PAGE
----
Since the majority of this week has been devoted to dealing with disruption caused by the caring souls at the Department of Work & Pensions I've been unable to do any serious material gathering for a post so thought I'd go through some of the stories circulating this week, with some comment hopefully leading to discussion.
Obviously we have to start with Anglian. If you look in the comments section of the previous post you will see that all of Go Ahead's East Anglia operators made substantial losses in the financial year 2014-15, with Anglian eclipsing them all at over £1.1m despite a healthy tax rebate that would certainly fill my freezer a few times over. Lord only knows what the next figures will show but clearly Go Ahead can't carry on as they are. So Hedingham's Tollesbury depot has been closed, Rackheath has been re-opened to reduce the cost of dead mileage to and from Dereham (and to encourage drivers based in Norwich to work for Konect), and Anglian is being stripped back to the bare bones.
It is all but definite the gas buses are going to Plymouth, and this week Anglian announced that on top of 2 Versas transferring to Konect another 6 buses were being withdrawn, including 2 of the 11 reg Scania Omnilinks. Yes 2 of Konect's B7tl deckers have gone the other way, and Solo 959 has been reinstated, presumably to operate the 85's when the new tender starts at the end of the month, but that still means a net loss of 17 buses. This will mean only 18 buses left (less than Borderbus) - and the question is will that be enough? Well let's try and work that one out. 6 buses on X88/88/88A, 2 on the 87, 6 on the 61, 1 on 60H/60S, 1 on the 81, 1 on the 85 and 3 on the 83/84. There is also the one each way 7A to consider. That makes a minimum of 20 buses, and that's not taking into account maintenance and spares. Therefore one of 3 things could be happening.
Firstly more buses cascaded from Konect, but why give them the Versas if that was the case. They are not on loan as they have disappeared from the fleet list. Secondly some services such as the 83/84/87 transferred to Rackheath and Konect - if there is room there which I have heard there might not be. Thirdly Anglian have not had it confirmed that the gas buses are going and all of a sudden the buses withdrawn this week will be hurriedly pressed back into service, and more - even the 05 reg Scanias could make a surprise come back.
However, this doesn't answer the question of why the gas buses are going in the first place. Plymouth are currently installing the required gas pumps but why are Go Ahead prepared to spend considerable money when Beccles already has them? Two theories are emerging as the most likely - firstly Anglian is on the point of closure. It's been on the cards for a long time now with operations and services getting smaller and smaller which means the gas buses would require a new home. Or, and I'm inclined to believe this more, Go Ahead now regard the Ellough site as too big and costly now, and are looking to relocate Anglian to smaller premises, that of course wouldn't have gas pumps. It's utterly pointless asking Anglian anything as they appear to be the last to be told what's happening, but I hope, for the sake of the loyal drivers remaining with Anglian, that the future is revealed sooner rather than later. It's the least those drivers, and the passengers deserve.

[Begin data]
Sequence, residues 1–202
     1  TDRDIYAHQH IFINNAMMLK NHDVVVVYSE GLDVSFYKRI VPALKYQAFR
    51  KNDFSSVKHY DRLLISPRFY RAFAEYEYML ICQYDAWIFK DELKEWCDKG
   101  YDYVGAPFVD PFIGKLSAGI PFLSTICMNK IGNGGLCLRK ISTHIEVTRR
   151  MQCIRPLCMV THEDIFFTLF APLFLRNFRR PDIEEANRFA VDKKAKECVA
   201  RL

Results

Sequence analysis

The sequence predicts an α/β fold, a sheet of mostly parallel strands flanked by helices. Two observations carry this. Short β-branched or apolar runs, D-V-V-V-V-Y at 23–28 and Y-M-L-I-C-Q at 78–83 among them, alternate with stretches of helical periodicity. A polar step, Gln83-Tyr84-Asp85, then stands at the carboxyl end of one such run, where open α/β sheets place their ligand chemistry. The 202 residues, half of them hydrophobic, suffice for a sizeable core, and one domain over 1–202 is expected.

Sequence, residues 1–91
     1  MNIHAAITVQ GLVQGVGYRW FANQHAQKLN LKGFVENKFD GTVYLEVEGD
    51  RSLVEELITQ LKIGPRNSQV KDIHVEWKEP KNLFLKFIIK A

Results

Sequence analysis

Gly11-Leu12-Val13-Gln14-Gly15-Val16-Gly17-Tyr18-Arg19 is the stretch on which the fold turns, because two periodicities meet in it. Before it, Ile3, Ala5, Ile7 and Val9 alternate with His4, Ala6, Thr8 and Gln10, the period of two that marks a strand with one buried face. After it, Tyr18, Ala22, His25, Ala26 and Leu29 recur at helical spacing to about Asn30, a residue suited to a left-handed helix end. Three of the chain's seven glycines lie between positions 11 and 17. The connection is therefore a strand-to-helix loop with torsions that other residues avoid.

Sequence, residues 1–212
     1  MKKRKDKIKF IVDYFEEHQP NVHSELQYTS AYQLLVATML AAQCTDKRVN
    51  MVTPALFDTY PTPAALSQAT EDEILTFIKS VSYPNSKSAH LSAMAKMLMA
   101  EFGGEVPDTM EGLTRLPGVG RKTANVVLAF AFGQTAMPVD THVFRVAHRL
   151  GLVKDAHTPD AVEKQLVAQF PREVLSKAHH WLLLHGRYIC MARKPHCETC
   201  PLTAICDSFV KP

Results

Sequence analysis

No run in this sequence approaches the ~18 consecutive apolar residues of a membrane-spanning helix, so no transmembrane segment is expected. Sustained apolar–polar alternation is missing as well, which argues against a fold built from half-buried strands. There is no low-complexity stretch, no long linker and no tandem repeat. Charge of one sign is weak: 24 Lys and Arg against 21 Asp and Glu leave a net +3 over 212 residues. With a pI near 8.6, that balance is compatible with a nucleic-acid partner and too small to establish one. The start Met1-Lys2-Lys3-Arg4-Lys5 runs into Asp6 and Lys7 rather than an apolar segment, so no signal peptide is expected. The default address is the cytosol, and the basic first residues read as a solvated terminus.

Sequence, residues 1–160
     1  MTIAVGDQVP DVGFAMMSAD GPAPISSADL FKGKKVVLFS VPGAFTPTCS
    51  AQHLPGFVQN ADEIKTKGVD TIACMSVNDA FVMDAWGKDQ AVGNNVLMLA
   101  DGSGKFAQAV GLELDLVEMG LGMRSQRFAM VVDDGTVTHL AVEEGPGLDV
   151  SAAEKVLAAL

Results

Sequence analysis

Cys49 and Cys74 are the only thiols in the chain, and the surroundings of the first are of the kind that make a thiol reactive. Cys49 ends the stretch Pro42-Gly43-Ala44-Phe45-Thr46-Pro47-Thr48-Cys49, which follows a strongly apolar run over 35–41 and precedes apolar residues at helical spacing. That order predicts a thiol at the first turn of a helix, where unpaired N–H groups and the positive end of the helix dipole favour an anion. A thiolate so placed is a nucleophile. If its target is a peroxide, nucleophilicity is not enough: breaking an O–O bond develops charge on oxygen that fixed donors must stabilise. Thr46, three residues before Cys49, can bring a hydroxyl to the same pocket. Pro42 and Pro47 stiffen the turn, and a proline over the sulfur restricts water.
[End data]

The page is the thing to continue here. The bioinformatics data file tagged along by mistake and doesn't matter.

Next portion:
Yesterday I had the pleasure of being invited to lunch with a rather special club. When Anglian operated the 165 between Aldeburgh and Ipswich a few of the regular passengers and drivers became good friends. When the route was abruptly scrapped by Phil Eden to the dismay of the users of that service the 165 Club stayed in touch, and yesterday was one of their regular get togethers. If ever there was evidence to back up my assertion that on rural routes regular passengers like regular drivers they can rely on this is it. This bus was part of the community, not just a mere means of getting into town, and if rural services are to be maintained this sense of trust, friendship and loyalty needs to be rediscovered and grown. Buses in the country need to be part of the community they serve, not just another vehicle passing through at roughly the same times every day. My thanks to Jane ( a truly dedicated reader) and John for making me feel so welcome and putting on a great lunch (those profiteroles were incredible), and to the 165 Club including Lena, Robin, Mike and Peter it was great to chat to you all and hope it's not the last time.
Moving onto the rails and the industry and passengers alike are still waiting for the Anglian franchise winner to be announced. This uncertainty is not good for anyone, and no one can blame Abellio for not spending any money when they don't know if they are soon to be sacked. Therefore short formed and overcrowded trains are becoming more common, including a single coach train operating between Norwich and Yarmouth on a Summer Saturday in August. Bet that was pleasant. Freight trains seem to be failing left right and centre and there needs to be greater financial penalties for freight operators who delay passenger trains. That together with dedicated freight lines, of course, to give passenger trains clearer lines opening up more slots. Wonder if the Chinese want to help us do that too.
Some good news this week, thanks to David Green for this, is that Soames of Otley will now no longer be closing. The business has been bought by an as yet unnamed individual and will carry on trading as usual. This is good news as far too many of our small independent operators are disappearing. More info as I receive it.
Finally whispers are reaching me that First could be about to concede the biggest own goal in recent history. If it happens I'll report it, but I gather a lot of people are praying for a John Terry type last gasp clearance. Could be a fascinating week.
Take care all.